Stanley Fish, in his blog behind the TimesSelect pay-wall at the New York Times, argues that “[l]anguage (or discourse), rather than either reflecting or distorting reality, produces it, at least in the arena of public debate,” and that thus, people are wrong to criticize Karl Rove for spinning economic figures. After all, he suggests, “spin – the pronouncing on things from an interested angle – is not a regrettable and avoidable form of suspect thinking and judging; it is the very content of thinking and judging”.
There’s something clearly right about this – anyone pronouncing on anything does have some particular opinions, and every observation does depend to some degree on unstated assumptions – but it seems to me that in a larger sense this is just wrong. He says “Forms of language … furnish our consciousness; they are what we think with, and we can’t think without them (in two senses of “without”).” There’s something interesting about this picture, but it seems to me that there are important empirical questions as well as conceptual ones that he skips in order to reach this conclusion.
The particular example he talks about is a statement by Karl Rove that “[r]eal disposable income has risen almost 14 percent since President Bush took office.” This figure has been criticized because “the 14-percent increase did not benefit everyone, but went largely “to those in the upper half of society”; the disposable income of the lower half had “fallen by 3.6 percent.”“ But Fish argues that this is just an argument about beliefs about what makes a healthy economy, between “trickle down” and “spread the wealth”, and that any evidence can only be interpreted in the lights of which of these beliefs one holds. “Those beliefs … tell you what the relevant evidence is and what it is evidence of. But they are not judged by the evidence; they generate it.” He says that “the reality of the economic situation will emerge when one of the competing accounts … proves so persuasive that reality is identified with its descriptions.”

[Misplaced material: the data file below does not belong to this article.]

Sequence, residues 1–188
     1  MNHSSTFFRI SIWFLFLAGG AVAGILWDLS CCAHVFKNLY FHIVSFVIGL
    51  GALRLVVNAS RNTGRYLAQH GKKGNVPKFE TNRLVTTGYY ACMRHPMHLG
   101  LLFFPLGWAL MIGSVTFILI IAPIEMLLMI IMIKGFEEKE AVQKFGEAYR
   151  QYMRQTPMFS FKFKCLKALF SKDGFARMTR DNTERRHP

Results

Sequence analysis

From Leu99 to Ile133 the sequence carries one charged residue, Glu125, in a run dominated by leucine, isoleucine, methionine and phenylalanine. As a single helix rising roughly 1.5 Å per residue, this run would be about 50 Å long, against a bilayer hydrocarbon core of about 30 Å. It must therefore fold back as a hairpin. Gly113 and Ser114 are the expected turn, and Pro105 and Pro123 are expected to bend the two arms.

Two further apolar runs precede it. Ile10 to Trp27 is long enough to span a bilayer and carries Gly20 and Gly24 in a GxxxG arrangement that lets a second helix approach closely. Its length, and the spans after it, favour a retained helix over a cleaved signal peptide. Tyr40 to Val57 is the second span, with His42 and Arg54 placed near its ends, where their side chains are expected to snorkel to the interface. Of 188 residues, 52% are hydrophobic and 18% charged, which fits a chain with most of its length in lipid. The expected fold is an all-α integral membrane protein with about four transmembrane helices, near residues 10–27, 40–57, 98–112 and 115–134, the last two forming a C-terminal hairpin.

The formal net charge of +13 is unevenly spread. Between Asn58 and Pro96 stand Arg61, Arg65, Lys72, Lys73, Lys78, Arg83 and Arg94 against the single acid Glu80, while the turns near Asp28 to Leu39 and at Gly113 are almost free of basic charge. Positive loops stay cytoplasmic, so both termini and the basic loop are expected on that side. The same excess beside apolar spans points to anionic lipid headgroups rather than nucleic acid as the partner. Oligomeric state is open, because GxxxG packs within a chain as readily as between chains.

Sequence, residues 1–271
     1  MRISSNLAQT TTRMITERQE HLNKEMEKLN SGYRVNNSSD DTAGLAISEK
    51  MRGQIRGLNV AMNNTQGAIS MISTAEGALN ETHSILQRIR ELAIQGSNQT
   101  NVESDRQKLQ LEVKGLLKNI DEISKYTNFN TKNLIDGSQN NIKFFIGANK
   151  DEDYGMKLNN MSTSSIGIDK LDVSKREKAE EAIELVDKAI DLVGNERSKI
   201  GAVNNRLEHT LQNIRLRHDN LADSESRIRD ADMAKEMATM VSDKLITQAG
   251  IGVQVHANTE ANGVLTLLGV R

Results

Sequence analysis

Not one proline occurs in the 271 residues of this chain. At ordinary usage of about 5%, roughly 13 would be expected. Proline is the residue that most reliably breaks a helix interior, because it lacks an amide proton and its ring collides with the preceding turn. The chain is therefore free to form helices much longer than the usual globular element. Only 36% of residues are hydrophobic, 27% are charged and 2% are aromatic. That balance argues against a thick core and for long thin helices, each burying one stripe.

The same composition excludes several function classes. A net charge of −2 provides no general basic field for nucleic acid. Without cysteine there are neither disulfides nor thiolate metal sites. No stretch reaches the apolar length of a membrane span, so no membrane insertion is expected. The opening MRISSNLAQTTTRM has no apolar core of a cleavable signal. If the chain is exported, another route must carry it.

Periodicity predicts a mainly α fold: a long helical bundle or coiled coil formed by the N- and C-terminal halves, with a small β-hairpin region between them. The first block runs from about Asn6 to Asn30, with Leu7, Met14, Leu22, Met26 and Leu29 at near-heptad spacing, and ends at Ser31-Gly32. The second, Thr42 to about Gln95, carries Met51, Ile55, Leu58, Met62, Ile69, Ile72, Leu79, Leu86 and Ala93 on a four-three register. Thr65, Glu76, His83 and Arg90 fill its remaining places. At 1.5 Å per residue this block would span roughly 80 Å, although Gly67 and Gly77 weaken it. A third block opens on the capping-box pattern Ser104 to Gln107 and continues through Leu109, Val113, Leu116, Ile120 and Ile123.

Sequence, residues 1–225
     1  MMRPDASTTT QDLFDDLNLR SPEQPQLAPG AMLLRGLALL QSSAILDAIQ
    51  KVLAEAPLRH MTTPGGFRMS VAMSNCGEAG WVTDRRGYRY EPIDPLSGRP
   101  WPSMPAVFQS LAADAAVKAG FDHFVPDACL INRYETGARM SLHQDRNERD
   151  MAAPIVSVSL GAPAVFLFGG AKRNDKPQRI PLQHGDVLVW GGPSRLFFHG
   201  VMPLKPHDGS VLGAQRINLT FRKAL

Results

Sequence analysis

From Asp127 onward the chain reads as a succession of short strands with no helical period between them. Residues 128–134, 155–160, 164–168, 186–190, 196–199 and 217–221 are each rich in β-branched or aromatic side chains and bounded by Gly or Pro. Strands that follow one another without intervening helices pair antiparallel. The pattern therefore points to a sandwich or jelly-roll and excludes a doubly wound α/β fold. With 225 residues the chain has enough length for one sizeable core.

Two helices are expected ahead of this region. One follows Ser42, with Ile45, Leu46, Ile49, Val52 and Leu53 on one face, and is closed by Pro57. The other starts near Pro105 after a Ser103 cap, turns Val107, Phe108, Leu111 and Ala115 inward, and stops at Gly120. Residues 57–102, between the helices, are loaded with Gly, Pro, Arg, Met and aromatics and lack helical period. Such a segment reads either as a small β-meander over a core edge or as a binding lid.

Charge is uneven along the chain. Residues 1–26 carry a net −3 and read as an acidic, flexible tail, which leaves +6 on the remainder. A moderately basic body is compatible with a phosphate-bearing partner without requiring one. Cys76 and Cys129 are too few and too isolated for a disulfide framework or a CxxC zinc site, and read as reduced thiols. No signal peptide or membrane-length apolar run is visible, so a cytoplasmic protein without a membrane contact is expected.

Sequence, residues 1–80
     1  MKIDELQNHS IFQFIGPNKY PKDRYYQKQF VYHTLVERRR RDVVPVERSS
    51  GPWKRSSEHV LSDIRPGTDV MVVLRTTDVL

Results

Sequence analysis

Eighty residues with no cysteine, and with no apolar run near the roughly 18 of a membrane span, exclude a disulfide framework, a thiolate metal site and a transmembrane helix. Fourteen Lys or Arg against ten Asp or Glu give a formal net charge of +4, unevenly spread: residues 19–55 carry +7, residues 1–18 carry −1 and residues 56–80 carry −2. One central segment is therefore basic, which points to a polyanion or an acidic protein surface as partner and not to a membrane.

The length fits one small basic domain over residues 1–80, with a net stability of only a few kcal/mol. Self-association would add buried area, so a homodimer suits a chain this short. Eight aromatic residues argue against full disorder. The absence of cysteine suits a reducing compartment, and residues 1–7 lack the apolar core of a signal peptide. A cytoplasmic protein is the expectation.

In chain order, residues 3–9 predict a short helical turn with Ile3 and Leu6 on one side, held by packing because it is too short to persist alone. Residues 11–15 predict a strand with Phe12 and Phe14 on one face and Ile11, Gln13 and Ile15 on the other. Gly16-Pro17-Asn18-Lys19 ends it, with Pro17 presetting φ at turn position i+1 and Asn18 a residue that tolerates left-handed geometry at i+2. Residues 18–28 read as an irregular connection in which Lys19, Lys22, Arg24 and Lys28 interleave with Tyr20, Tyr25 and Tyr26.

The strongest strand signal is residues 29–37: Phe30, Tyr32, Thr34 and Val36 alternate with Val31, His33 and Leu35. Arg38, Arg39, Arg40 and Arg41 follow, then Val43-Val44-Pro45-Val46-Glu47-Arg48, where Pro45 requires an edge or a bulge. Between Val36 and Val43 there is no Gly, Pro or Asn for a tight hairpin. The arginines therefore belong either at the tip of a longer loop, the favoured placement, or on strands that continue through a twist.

Some have called economics “the dismal science”, because economists have discovered relatively little about the world. But if Fish is right, then there couldn’t even be such a thing as economic knowledge. There could be no evidence for or against trickle down economics – we just have to persuade people of its merits or demerits.
There may be something to his points about the purely normative claims of economics, that one situation is better or worse than another. But I think that most of these political arguments aren’t of this sort – I think Republicans and Democrats and just about everyone else thinks the world would be better if more people had access to more material goods, other things being equal. The dispute is really about the empirical question of whether rising incomes at the top of the income distribution bring about more of this sort of effect than rising incomes at the very bottom of the income distribution. Fish seems to be denying that any sorts of discoveries of this sort could be relevant as anything other than persuasive material in an argument.
I think he’s broadly right that there’s no conceptual possibility of something like a purely neutral or disinterested way to couch all of the evidence in these social disputes. But this doesn’t mean that there’s no such thing as evidence that can be shared across the lines, or that “[o]pen-mindedness, far from being a virtue, is a condition which, if it could be achieved, would result in a mind that was spectacularly empty.”